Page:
Newly founded to champion high-quality neighborhood schools in every DC neighborhood, this new group was founded by the ward-level education councils that exist in every DC ward and several city-wide education advocacy groups. Its first product is the terrific web-based budget tool, developed by Code for DC. As described above, which is providing DC residents the facts they need to understand, analyze, and critique the proposed DCPS budget.
In its prior, less formal incarnation, the group hosted a forum for mayoral candidates last fall and has called for greater budget transparency in school funding and better planning around school facilities. See here for C4DC’s 6 core principles. See here for its website.
***Ward 3 –Wilson Feeder Education Network
Launched by PTA and LSAT leaders from Ward 3 and Wilson feeder schools, this new group gives Ward 3 an organization that already has a counterpart in every other ward–a formal structure for sharing information and building relationships among ward schools and advocating for public school children in the ward and across the city. The group’s next meeting is Thursday May 14, 7PM, at Shepherd Park Library. You can follow the Network @W3EdNet and at www.facebook.com/W3EdNet.
Reading Comprehension Requires Background Knowledge
Cognitive scientist Dan Willingham (my colleague on the board of the Core Knowledge Foundation) explains why a curriculum that focuses on “reading” while deemphasizing science, history, social studies and the arts actually hurts reading ability! He did a series of pieces for Washington/Post online. Here’s one of them.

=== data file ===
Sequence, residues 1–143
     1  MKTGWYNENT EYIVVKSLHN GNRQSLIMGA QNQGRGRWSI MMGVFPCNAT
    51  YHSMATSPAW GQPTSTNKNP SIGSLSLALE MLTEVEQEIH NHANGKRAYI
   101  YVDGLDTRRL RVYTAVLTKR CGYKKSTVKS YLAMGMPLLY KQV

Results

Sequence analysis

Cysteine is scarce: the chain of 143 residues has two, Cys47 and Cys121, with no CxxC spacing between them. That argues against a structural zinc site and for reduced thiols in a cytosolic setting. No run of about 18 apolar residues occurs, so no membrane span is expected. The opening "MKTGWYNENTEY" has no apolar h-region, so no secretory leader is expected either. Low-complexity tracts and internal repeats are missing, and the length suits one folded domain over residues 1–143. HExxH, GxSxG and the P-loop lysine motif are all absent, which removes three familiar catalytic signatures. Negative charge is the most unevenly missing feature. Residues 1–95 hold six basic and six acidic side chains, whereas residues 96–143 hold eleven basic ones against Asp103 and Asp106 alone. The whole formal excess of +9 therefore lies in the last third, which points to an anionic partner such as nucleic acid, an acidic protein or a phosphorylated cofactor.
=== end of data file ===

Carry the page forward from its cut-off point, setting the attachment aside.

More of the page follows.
Heartbreak for Hardy By a heartbreaking .2 seconds, Hardy’s incredible rocketry team lost its chance to be the first DCPS public school to get to the finals of the Team America Rocketry Challenge. The competition includes 689 teams, almost all high schools (while Hardy is a middle school), from around the country. Their .2 second loss was to Arlington’s famed science and tech magnet, Thomas Jefferson High School in Arlington. If you’re going to lose, that’s a pretty impressive team to lose to. Next year, Hardy!!
You might wonder, as I did: What does a rocketry team do to win a place in the national competition? According to Marcio Duffles, PTO president and team coach, “Design, build, and launch a rocket to a height of 800 feet, land within a window of 46 and 48 seconds and not break the “eggonaut” ????!!!!
Deal’s Spring Musical—Guys and Dolls
Three great shows: Thursday, May 7– 7PM/ Friday May 8—7PM/ Saturday May 9-2PM
Hardy’s “Night in Rio” Gala and Auction
May 15, 6:30-9:30pm. Hardy’s off and running with its first auction in six years! At the home of PTA president Marcio and Tracey Dufles-Andrade. 4770 Reservoir Rd. NW Additional parking available at the Lab School across fro the venue. To purchase tickets, Click here.
Horace Mann’s Summer Bash
June 8, 5-8pm. End the week with lots of family fun. Bring the kids–lots of games, lots of food, lots of fun!